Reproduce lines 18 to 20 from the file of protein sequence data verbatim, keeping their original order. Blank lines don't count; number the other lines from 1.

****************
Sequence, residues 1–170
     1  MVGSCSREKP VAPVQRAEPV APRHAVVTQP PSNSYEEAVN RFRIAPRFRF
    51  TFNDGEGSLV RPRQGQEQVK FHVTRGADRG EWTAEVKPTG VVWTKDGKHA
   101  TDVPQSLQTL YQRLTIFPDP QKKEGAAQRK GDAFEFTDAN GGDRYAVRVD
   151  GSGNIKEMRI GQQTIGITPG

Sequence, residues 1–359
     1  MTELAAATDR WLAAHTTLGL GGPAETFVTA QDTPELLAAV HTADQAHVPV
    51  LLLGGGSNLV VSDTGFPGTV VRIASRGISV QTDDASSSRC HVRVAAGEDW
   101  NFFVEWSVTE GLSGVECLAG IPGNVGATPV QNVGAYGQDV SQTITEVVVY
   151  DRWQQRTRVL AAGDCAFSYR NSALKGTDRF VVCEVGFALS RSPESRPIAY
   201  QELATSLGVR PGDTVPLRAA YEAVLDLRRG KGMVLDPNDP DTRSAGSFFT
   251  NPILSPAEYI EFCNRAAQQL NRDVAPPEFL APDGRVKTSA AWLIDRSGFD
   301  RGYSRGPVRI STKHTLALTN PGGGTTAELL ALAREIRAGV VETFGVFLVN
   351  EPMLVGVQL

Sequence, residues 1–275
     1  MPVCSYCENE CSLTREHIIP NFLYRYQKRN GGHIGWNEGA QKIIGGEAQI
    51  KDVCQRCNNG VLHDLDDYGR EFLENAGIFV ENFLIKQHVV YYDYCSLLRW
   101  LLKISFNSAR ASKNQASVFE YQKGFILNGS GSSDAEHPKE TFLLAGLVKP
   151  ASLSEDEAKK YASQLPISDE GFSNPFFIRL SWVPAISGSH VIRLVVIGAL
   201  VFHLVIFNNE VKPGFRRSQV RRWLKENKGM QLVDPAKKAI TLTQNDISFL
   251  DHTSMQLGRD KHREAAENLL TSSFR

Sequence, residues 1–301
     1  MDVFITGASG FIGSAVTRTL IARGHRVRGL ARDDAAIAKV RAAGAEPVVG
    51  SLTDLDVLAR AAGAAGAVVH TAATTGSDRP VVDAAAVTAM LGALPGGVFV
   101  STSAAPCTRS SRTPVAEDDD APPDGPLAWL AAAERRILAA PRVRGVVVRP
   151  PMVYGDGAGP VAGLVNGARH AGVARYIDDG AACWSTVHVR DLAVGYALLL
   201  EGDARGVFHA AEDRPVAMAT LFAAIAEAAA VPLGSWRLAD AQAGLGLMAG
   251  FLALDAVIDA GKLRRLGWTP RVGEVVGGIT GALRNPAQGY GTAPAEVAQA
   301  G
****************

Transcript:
   101  LLKISFNSAR ASKNQASVFE YQKGFILNGS GSSDAEHPKE TFLLAGLVKP
   151  ASLSEDEAKK YASQLPISDE GFSNPFFIRL SWVPAISGSH VIRLVVIGAL
   201  VFHLVIFNNE VKPGFRRSQV RRWLKENKGM QLVDPAKKAI TLTQNDISFL